Greg Campbell is a natural problem-solver. The more complex and difficult the dilemma, the better. So it’s no surprise that the issue he has chosen to tackle as an entrepreneur is climate change.
“I love the book by Jim Collins that talks about big, hairy, audacious goals,” he says. “I can’t think of a bigger goal than trying to tackle this climate change problem that we all face.”
Greg is the CEO of VGrid Energy Systems, a California-based company that converts agricultural waste into electricity while capturing carbon from the waste and converting it into products, like animal feed and soil enhancers, which keep the carbon out of the atmosphere.
VGrid sells carbon-negative electricity at a discounted rate to clients such as farmers and agricultural businesses, while removing bio waste for them for free, meaning customers save money on both waste removal and power.
The business model is based on a technology called gasification, which has been in use for decades but has not enjoyed mass adoption in the energy market because of longstanding technical difficulties: the process tends to clog up machines.
“I can’t think of a bigger goal than trying to tackle this climate change problem that we all face.”
“We did a lot of work in developing technology software solutions, machine learning, different types of agitation and vibration techniques to get things to run smoothly and reliably over long periods of time,” Greg explains.
The next technological hurdle to overcome was getting electrical generators to run more effectively on syngas, the fuel that is produced by the gasifiers and which has a much lower heat value than traditional fuels.
“We had to build our own microprocessor-controlled mixing system to accurately control the air-fuel ratio and maintain good emissions out of the engine,” he adds. “So there are a lot of smart people doing a lot of good work in that area.”
In the coming five years, VGrid’s goal is to have 1,000 of its machines installed across the US producing 360 million kilowatt hours annually, which will prevent the emission of 180,000 tons of carbon dioxide from natural gas and 264,000 tons of emissions from agricultural waste.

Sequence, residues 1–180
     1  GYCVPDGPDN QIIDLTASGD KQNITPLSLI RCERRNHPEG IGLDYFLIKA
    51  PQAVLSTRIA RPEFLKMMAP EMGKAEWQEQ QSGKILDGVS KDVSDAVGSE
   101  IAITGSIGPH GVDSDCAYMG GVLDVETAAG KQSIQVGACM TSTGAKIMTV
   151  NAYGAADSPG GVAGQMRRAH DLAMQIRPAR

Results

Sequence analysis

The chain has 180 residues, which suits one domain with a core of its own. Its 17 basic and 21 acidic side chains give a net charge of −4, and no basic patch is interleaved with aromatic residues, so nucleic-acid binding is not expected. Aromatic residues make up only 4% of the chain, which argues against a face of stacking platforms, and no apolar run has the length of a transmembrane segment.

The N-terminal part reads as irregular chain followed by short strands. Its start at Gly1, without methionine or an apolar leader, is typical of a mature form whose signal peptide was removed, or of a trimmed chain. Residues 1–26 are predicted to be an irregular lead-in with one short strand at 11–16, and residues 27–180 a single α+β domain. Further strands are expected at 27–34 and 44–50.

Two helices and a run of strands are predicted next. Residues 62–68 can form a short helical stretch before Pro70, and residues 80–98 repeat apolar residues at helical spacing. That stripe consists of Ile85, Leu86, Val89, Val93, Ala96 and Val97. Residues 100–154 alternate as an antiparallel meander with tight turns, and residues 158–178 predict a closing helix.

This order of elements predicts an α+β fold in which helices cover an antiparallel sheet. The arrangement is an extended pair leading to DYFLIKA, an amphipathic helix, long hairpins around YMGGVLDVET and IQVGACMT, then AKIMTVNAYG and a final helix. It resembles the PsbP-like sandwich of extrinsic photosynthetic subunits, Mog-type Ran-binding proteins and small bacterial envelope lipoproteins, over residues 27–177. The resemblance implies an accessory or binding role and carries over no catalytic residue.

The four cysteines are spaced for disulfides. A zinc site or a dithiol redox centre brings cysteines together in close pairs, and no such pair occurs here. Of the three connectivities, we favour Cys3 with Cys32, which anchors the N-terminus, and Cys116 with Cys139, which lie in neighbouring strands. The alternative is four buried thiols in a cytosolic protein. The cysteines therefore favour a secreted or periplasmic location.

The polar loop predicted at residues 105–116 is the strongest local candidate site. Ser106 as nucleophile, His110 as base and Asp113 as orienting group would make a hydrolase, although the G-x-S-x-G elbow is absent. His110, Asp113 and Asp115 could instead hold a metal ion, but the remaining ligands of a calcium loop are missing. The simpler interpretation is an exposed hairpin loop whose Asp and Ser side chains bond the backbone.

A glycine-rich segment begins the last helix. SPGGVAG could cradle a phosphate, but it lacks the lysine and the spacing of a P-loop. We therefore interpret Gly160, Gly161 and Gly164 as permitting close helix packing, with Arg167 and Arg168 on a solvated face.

The company also has global ambitions and is in discussions with a potential partner to begin operations in Australia.
“The whole thing that really makes our business model work is the ability to sell the carbon.”
In order to really scale up, Greg says VGrid is looking for a large retail partner through which it can sell products made from the carbon it captures from bio waste. The company has already produced a cat litter deodorizer and a horse stable deodorizer, as well as various animal feed and soil enhancement products.
However, there are plenty more ways that it can monetize this by-product. “But the whole thing that really makes our business model work is the ability to sell the carbon,” he shares.
To demonstrate this, he offers a hypothetical: if VGrid charges US$0.12 per kilowatt hour for the electricity from one of its machines, it can make about US$12 per hour. But in that hour, the machine also produces 40 pounds of carbon, which VGrid can sell for about US$80.
A key goal now is to find a partner with a large footprint and deep institutional knowledge in product innovation to tap that extra value. “I would love to find a big retail customer partner such as Walmart or Target and work with them to develop private-label products. The carbon can be used in a whole host of different applications in health and beauty, like shampoo, toothpaste and deodorant,” Greg points out.
Greg is also hoping to catch the attention of major thought leaders in the business world who are interested in climate change and making their operations carbon neutral, or even carbon negative.
“Marc Benioff and Salesforce have got this 1t.org initiative that has pulled a whole bunch of corporate leaders together to plant a trillion trees. That’s awesome. I’d love to tap into that,” he says.
“I know Microsoft and Google and Amazon are all committed to being carbon neutral. Microsoft even announced recently they want to be carbon negative. So we want to find some corporate partners that need to use renewable energy and could assist us in return.”
“I would love to find a big retail customer partner such as Walmart or Target and work with them to develop private-label products.”
VGrid works toward these ambitious goals by setting clear, definable objectives with explicit deadlines and for which specific people and teams have accountability.
“We have objectives that get everybody on the same page, and we make sure not to have too many of them, to focus on the majors and not the minors,” Greg explains. “Someone has to own achieving that objective, and they have to be given the resources necessary to be able to do it. You need to have a time and date on the objective so that you can make sure you are progressing quickly, because as a startup, time is kind of our enemy.”
Another thing that keeps Greg going is a stern optimism that the biggest problem facing humanity can be solved. “If we can plant more trees to pull more CO2 out of the atmosphere and stop CO2 from going back into the atmosphere by preventing the burning and the decomposition of dead trees, then we can bend the curve back down,” he stresses. “Nature has given us the solution.”